This is a hot and spicy ground paste of chili peppers, sweet peppers, and spices that is widely used in the Georgian kitchen and on the table. It is usually prepared in large batches and used over the course of several weeks. Cooks use it to add spice to dishes; diners use it like a condiment to add a little heat to dishes that lack a bit of zing. Sometimes it is even used as a main spice in meat recipes, like the chop recipe offered earlier in the chapter. The ingredients lend many layers of flavor, which become deeper and richer as the days pass—so prepare it several days in advance of using it.
1 cup hot, dried, red chili peppers
1 celery stalk
1 red sweet bell pepper, cored and defleshed
1 heaping tablespoon chopped garlic
1 cup fresh dill, roughly chopped
1/2 cup fresh cilantro leaves, roughly chopped
1/4 cup red wine vinegar
1 teaspoon dried tarragon
1 teaspoon dried fenugreek
1/2 teaspoon salt
1. In a blender or food processor, combine the sweet red pepper, celery, chili peppers, chopped garlic, and vinegar, and grind until you have a light pink paste.
2. Add the dill, tarragon, fenugreek and the coriander and grind again until well blended. Add salt (if desired).
3. Spoon into container, seal, and refrigerate until needed for use.
Makes about 1 cup.
This wonderful sweet and sour sauce is a Georgian-Armenian take on a common Caucasian and Caspian flavor. Throughout northern Iran and through Azerbaijan, pomegranates are used as “souring agents” for dishes and sauces, not unlike how tamarind is used in South, Southwest, and Southeast Asia. The take that the northern Caucasus and Caspian countries offer is a slightly sweetened pomegranate. In this sauce, the sweetness is provided primarily by sweet basil, but a bit of sugar can also be used. My advice, however, is to hold off on the sugar until you’ve tasted the sauce without it.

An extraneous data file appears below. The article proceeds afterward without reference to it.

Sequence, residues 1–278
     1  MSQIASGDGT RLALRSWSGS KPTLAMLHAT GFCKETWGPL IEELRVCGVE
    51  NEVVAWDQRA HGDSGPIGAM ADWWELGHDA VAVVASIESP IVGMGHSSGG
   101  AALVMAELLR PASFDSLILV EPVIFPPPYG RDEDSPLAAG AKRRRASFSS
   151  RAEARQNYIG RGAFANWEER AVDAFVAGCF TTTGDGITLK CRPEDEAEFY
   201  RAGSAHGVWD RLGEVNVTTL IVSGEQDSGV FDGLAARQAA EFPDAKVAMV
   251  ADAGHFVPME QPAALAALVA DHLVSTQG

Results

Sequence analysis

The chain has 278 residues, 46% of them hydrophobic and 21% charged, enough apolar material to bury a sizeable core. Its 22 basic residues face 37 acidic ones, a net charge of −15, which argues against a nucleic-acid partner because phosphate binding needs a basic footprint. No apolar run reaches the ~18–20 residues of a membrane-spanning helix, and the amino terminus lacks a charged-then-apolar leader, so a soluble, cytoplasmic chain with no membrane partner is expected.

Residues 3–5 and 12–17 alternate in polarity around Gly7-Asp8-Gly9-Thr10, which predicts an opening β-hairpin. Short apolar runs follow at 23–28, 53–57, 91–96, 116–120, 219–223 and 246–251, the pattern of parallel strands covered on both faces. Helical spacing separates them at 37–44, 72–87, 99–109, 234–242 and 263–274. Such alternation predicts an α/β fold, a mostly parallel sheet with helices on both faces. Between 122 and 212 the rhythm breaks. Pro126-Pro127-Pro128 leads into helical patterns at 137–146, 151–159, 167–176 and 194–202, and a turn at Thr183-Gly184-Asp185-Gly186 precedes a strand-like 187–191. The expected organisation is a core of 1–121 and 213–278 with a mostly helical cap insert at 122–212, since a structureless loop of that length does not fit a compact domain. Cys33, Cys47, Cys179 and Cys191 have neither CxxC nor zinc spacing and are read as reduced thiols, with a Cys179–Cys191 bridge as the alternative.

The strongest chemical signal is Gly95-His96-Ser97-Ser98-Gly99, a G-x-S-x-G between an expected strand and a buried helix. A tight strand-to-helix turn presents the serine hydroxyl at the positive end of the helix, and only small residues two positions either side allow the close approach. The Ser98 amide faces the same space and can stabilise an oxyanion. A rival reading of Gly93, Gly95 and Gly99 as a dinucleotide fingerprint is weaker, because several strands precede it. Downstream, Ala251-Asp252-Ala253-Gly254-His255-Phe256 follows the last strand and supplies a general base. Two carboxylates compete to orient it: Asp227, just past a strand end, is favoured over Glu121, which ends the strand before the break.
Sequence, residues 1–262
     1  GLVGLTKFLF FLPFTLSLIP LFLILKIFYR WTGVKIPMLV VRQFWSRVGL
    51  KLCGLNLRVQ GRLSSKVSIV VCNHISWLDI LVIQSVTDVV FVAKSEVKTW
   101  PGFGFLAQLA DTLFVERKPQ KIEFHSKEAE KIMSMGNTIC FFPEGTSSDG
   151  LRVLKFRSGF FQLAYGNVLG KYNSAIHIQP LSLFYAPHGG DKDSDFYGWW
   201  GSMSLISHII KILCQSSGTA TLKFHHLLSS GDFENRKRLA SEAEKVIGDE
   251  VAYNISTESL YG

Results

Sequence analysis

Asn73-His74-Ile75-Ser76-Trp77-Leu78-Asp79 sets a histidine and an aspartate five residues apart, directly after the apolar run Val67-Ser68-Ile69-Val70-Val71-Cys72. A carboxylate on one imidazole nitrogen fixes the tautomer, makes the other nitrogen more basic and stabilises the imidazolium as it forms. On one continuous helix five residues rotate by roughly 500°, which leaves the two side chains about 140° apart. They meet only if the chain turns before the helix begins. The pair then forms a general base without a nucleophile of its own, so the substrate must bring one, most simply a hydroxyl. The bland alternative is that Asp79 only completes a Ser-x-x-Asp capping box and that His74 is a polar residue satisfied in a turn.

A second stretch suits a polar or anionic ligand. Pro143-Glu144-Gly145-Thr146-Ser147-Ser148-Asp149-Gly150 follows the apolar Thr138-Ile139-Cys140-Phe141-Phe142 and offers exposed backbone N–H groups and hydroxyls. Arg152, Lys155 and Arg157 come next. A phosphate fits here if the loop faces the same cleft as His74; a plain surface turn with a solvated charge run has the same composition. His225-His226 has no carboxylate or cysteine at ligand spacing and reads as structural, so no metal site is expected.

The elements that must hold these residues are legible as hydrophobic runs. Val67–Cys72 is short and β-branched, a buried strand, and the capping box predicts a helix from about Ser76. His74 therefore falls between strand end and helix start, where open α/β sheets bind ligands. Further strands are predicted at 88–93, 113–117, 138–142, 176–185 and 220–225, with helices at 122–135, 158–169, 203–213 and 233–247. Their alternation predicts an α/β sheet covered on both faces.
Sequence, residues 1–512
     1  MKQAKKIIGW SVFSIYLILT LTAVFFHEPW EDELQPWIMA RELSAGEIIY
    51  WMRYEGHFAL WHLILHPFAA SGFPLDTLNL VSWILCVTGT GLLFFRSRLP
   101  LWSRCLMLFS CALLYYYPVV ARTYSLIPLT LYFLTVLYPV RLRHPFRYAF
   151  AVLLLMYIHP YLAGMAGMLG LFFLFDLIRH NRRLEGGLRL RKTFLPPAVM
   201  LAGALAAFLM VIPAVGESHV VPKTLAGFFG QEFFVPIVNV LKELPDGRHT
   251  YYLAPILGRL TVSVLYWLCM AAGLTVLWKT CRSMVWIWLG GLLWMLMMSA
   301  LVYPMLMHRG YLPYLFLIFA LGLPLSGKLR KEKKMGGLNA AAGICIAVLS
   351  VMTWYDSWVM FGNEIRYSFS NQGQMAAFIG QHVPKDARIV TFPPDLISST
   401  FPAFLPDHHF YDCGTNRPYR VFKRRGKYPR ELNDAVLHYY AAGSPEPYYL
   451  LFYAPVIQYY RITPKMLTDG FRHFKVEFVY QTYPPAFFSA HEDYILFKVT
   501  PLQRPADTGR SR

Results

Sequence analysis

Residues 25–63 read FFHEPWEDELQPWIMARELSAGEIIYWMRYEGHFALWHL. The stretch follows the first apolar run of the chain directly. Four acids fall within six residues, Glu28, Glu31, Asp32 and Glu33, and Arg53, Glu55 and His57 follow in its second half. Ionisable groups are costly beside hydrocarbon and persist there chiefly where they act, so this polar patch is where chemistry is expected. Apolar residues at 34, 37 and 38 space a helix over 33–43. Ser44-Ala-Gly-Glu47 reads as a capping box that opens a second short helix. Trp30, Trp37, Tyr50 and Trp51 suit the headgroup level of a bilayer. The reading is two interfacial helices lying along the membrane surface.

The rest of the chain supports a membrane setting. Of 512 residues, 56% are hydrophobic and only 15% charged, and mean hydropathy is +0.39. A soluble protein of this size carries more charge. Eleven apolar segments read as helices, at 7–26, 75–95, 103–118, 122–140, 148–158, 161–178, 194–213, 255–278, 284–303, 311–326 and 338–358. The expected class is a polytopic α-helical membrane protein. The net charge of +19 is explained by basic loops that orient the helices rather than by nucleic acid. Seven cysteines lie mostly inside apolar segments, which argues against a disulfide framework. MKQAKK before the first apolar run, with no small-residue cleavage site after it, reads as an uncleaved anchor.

1 bottle pomegranate juice (unsweetened) (4 cups)
1/2 cup red onions, finely diced
1 heaping teaspoon coarsely chopped garlic
1/8 cup finely chopped fresh basil or 1 heaping teaspoon dried basil
1 small bunch fresh cilantro leaves, finely chopped (15-20 sprigs)
1-2 hot, dried red cili peppers, crushed
1 teaspoon sugar (optional)
Salt and pepper to taste (if desired)
1. Empty the pomegranate juice into a medium saucepan and cook over medium heat. After the juice has come to a boil, reduce heat, bring to a steady simmer, and cook uncovered until reduced by half until about 2-2 1/2 cups of juice remain.
2. When sauce is at least halfway reduced, add onions, garlic, basil and coriander. As the coriander begins to thicken the sauce, add crushed pepper (if desired) and cook for another 15 minutes or so. Remove from heat and add salt and pepper, if desired.
3. Just before roasted or grilled meats and vegetables are served, reheat the sauce, add enough to the dish to flavor without saturating the meat, and pour into a gravy boat to allow guests to add as little or as much additional sauce as they wish.